We had a couple of hours to relax before our afternoon/evening entertainment, so took a stroll around the site

(our accommodation was inside one of those fancy-looking geodesic jobbies, and I have to say it lived up to their website claims that it’s just like a luxury hotel room only in the desert. And with no internet.)

And then it was time to go off on a jaunt around the area, driven by Salim, a young bedouin who (praise be to Allah) had not only good English but a sense of humour as well. Wadi Rum is 280 square miles and we covered a total of 17 of them bouncing around on the back of Salim’s aged Toyota Landcruiser (not comfy, but very much suitable for the terrain). This was our route, in a sort of anti-clockwise direction – the slightly darker area is the extent of Wadi Rum as a whole.

What we hadn’t realised was how much hard graft we would have to put into the whole thing. Today was (according to Garmin) the second-hardest-working day of the holiday, after clambering up to the Petra Monastery – in other words, more work than the High Place of Sacrifice walk. And it could have been much harder if we hadn’t wimped out of one bit – please read on.

I, ex-pro photographer that I sort of am, had taken a gimbal with me to try to give some smooth footage taken from the back of the 4×4 as we bucked and jolted across the desert. Given the results, I also tried some footage handheld with my smartphone. The comparison is quite striking, if you’re interested in this kind of thing. If not, move on, nothing to see here.

(You can see that even though there are no paved roads, there’s no shortage of traffic; there’s a lot of toing and froing across Wadi Rum and we passed a lot of camps (none as posh as ours, of course) but quite a lot of them seemed unoccupied, presumably in the aftermath of the pandemic. One wonders what the Wadi was like in full flow.)

The first inkling we had that we were not just there for the ride came at the first stop, when it became apparent that we would have to scramble up this fucker.

It’s imaginatively called the “Red Sand Dune”. Note the soft sand that makes walking hard work even when it’s flat and level. Note also, please, the gradient.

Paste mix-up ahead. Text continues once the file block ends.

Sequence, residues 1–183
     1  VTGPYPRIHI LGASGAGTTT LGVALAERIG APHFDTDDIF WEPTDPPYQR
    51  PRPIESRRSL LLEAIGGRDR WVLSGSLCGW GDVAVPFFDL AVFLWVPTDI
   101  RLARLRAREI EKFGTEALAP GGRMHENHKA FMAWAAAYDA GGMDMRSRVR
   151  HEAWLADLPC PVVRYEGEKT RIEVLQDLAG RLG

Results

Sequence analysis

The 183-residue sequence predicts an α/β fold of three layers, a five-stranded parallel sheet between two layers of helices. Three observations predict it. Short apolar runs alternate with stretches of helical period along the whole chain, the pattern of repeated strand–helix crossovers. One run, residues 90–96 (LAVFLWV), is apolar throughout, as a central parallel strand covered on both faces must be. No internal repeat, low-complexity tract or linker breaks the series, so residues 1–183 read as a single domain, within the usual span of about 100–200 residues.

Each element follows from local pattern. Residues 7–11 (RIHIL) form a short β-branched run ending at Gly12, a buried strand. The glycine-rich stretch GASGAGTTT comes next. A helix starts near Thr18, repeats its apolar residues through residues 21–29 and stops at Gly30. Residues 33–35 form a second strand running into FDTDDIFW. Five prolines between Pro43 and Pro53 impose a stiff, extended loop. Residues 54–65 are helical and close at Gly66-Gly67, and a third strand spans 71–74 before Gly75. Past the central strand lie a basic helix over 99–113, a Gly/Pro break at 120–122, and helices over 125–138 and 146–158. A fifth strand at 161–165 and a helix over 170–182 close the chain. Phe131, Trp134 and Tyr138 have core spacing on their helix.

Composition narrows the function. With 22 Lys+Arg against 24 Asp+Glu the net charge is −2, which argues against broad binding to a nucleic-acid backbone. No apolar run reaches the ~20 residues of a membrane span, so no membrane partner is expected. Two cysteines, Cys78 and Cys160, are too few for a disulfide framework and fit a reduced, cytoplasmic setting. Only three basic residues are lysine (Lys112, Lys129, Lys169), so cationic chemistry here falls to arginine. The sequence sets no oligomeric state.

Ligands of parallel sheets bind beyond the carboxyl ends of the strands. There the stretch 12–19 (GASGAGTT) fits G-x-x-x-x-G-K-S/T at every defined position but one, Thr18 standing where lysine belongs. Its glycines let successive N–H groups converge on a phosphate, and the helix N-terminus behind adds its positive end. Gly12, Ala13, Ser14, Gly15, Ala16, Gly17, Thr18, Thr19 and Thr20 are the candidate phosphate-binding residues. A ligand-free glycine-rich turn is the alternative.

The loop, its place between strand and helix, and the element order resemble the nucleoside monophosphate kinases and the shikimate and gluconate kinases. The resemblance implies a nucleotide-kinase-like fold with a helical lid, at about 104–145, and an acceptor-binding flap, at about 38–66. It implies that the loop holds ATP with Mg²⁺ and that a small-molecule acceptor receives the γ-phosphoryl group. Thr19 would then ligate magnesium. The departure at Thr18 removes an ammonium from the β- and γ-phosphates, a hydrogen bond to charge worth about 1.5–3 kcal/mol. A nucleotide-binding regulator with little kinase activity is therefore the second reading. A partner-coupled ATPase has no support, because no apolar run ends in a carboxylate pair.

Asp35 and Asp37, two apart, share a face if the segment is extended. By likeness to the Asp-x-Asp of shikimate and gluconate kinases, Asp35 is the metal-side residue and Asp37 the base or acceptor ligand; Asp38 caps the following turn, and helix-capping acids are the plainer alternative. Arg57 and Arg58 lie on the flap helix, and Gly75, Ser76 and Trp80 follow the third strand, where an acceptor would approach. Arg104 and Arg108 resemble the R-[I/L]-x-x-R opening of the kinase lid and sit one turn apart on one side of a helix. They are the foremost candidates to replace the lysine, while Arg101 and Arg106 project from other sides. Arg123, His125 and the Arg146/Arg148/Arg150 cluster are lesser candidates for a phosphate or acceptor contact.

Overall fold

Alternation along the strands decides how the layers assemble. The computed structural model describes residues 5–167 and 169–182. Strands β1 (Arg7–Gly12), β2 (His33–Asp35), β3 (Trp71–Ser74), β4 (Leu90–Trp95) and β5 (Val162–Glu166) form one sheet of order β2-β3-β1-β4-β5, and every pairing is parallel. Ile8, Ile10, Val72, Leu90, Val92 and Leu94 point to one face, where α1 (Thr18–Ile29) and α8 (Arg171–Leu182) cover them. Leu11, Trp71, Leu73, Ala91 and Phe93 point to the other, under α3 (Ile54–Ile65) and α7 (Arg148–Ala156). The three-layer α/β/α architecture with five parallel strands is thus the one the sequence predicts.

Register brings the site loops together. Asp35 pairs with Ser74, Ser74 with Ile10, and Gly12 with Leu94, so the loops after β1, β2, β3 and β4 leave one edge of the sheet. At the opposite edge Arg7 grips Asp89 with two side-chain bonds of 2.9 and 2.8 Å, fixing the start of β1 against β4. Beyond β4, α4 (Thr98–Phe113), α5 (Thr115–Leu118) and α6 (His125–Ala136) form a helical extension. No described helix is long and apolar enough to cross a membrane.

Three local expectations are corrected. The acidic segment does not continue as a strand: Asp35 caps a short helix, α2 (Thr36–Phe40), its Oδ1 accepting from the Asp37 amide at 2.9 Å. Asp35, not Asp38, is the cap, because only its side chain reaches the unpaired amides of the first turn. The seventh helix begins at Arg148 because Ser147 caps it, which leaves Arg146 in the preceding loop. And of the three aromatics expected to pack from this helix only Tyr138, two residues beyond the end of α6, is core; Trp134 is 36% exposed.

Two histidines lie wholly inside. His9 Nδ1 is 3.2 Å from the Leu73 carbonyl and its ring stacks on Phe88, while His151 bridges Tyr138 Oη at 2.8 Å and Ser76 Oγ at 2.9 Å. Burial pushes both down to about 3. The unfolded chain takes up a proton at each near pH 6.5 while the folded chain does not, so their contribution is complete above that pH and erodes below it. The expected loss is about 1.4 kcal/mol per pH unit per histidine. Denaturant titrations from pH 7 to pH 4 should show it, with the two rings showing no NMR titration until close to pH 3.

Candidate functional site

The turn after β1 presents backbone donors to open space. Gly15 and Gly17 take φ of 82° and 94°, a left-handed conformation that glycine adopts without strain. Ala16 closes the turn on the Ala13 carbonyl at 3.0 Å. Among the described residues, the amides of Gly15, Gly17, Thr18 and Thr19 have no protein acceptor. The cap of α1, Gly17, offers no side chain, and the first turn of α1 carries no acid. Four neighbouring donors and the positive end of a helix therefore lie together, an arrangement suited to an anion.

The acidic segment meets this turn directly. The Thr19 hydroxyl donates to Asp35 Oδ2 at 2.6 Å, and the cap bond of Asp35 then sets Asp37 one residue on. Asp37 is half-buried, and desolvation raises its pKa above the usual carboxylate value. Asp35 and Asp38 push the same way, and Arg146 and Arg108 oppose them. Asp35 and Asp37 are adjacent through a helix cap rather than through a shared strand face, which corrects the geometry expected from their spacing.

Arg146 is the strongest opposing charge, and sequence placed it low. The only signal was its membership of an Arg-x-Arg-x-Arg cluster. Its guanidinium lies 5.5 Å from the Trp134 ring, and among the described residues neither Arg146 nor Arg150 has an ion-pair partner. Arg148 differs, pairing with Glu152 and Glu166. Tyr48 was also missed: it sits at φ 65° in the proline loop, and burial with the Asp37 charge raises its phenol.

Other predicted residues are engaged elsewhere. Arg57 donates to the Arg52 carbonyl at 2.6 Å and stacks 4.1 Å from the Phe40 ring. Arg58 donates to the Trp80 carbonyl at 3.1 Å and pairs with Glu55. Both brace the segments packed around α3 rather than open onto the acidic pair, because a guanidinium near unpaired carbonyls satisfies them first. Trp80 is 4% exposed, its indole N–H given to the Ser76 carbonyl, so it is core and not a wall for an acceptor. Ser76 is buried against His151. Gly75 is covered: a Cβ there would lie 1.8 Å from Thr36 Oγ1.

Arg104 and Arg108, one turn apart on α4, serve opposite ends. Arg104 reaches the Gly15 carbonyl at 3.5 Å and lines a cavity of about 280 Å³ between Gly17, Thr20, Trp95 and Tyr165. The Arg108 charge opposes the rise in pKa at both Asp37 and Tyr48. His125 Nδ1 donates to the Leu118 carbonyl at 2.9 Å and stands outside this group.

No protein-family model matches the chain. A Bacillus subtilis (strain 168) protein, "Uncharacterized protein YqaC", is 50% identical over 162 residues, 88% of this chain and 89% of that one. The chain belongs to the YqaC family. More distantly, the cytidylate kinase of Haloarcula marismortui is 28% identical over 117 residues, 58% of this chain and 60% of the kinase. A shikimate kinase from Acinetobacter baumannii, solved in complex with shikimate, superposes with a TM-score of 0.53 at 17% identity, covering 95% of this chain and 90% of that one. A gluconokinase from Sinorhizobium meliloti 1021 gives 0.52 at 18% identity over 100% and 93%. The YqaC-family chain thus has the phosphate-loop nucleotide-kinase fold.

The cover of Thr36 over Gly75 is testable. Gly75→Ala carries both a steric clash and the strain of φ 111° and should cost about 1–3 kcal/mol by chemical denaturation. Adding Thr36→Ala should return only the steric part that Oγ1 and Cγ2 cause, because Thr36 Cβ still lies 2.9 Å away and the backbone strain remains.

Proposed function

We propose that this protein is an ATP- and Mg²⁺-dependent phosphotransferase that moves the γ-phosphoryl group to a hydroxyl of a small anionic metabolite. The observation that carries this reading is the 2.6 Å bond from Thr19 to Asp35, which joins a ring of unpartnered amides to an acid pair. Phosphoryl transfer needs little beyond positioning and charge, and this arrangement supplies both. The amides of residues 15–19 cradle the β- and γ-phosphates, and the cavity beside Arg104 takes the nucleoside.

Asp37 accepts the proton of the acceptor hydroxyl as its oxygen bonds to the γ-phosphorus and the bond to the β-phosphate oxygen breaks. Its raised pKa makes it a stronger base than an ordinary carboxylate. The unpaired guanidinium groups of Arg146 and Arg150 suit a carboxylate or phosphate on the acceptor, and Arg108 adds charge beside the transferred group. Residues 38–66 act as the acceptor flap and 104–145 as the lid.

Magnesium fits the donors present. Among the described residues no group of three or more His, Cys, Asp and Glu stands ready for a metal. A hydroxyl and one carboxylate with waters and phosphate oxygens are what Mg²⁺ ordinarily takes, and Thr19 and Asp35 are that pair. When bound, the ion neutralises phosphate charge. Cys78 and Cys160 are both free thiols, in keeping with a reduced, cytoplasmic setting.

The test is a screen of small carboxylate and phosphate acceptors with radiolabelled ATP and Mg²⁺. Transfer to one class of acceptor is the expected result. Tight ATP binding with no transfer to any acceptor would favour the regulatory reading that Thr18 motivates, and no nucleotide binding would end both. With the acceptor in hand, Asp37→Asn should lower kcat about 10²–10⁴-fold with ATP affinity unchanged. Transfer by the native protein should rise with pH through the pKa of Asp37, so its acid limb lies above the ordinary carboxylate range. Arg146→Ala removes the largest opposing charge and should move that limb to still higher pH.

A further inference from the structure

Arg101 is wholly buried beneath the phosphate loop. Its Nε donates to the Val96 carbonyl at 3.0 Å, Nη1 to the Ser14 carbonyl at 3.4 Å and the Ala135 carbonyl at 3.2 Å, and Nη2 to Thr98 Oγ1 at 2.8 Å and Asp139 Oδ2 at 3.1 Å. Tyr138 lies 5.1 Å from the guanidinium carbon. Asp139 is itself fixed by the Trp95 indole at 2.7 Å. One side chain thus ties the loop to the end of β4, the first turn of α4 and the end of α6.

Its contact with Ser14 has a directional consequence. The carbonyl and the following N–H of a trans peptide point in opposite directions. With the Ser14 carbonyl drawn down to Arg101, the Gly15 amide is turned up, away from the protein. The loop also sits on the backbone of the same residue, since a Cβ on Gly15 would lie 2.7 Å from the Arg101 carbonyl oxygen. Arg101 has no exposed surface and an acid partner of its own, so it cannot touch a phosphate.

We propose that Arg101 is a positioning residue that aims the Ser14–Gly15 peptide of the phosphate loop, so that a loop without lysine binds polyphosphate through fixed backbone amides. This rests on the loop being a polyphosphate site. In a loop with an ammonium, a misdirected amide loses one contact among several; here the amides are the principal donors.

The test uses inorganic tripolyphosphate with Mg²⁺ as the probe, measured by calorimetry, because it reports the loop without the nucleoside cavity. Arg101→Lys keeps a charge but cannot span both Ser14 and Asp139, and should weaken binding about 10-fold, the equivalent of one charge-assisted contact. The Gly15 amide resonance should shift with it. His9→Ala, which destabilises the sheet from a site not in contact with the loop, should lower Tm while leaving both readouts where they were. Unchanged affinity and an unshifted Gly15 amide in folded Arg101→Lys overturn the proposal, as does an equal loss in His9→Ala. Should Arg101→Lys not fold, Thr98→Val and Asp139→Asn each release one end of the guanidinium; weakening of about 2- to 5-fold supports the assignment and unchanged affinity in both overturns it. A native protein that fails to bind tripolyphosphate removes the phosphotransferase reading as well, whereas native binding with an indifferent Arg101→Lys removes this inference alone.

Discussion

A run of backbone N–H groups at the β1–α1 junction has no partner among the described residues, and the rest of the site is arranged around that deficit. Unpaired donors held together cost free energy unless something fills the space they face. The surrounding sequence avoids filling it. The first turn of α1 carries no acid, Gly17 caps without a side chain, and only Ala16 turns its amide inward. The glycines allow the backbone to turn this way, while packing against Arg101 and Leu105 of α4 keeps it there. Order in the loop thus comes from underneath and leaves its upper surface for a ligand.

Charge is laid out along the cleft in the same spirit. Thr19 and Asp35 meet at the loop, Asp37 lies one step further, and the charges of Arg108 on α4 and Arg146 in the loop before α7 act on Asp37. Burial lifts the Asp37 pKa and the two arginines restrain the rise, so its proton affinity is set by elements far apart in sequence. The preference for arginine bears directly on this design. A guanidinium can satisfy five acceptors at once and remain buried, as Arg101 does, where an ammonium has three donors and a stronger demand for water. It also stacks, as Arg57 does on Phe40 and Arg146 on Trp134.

But also, please, note the view from the top, which was quite something.

View this post on Instagram

A post shared by Steve Walker (@spwalker2016)

It became clear that the route was not so much well-trodden as well-driven; there were many groups of gasping, red-faced tourists struggling up this monster and being told by the smug bastards who were going down that it was “worth it”.

The next stop was less dramatic but still had its moments – the Al Khazali canyon.

There are places where it’s a bit of a scramble, but it’s not too hard and its main interest is in carvings and inscriptions on the rocks in it – some pictures and some writing. Yes, I have loads of photos, but I’ll only inflict these on you.

Shortly after this we came to a stop here.

It’s called the Little Bridge. You’ll see why later. Of course we had to scramble up it and of course I had to take a photo of a triumphant Jane atop the arch.

As she headed off towards the arch I shouted to her that she should let me have the water bottle she was carrying, because it was important not to lose it in case she fell. This seemed to amuse some of the other punters who were around at the time.

The reason it is called the Little Bridge became apparent at the next stop. For reasons which may become apparent, we decided to remain as spectators.

The next stop (we kept bumping into people from the previous one, which is why it was clear that there was a definite route being followed by many drivers) was another canyon, the Aby Khashaba canyon. “Phew”, we thought, a bit of a rest from all this dangerous up and down stuff. Wrongly, as it turned out.

The rock formation on the left looks a bit like the helmet of Agamemnon, I’m sure you’ll agree – we wondered if it is carved by natural erosion or by people..

Having gone up some more bloody soft sand, we then had to descend this.

Tricky, but we made it with no bones broken. The final stop was to watch the sunset, which is incredibly hackneyed, but still has its magic if you’re there. One chap was lying down on the job

but the colours were pretty wonderful.

If you can spare 90 seconds or so, here’s a hyperlapse (15x normal speed – I’m amused by the trails of the jeeps whizzing around in the foreground, just like the trails in a Wilson Cloud Chamber).

After that, Salim

took us back to the camp. By this time, I hope you’ve been following, it was dark, and the camp was attractively lit up

and we went for a light bite in the main catering bubble

and a lemon and mint in the cafe, where some (reasonably) locals were having a good ol’ chinwag.

and then it was time for bed. Not having any internet relieved me from the immediate need to write the day up (I’m in Aqaba as you read this) so we got a decently early and sober night, not characteristics that have particularly marked out the holiday thus far. To be honest we were both really quite tired – the days have been long and intense and so it was good to have the prospect of a decent night’s sleep. The morrow brings the possibility of even more relaxation as we head to Aqaba and have nothing organised in our itinerary! I dare say there’ll be something to write about it and I will do this in due course. In the meantime, I hope you’ve enjoyed reading about our day in the desert and will come back to read more as I write it.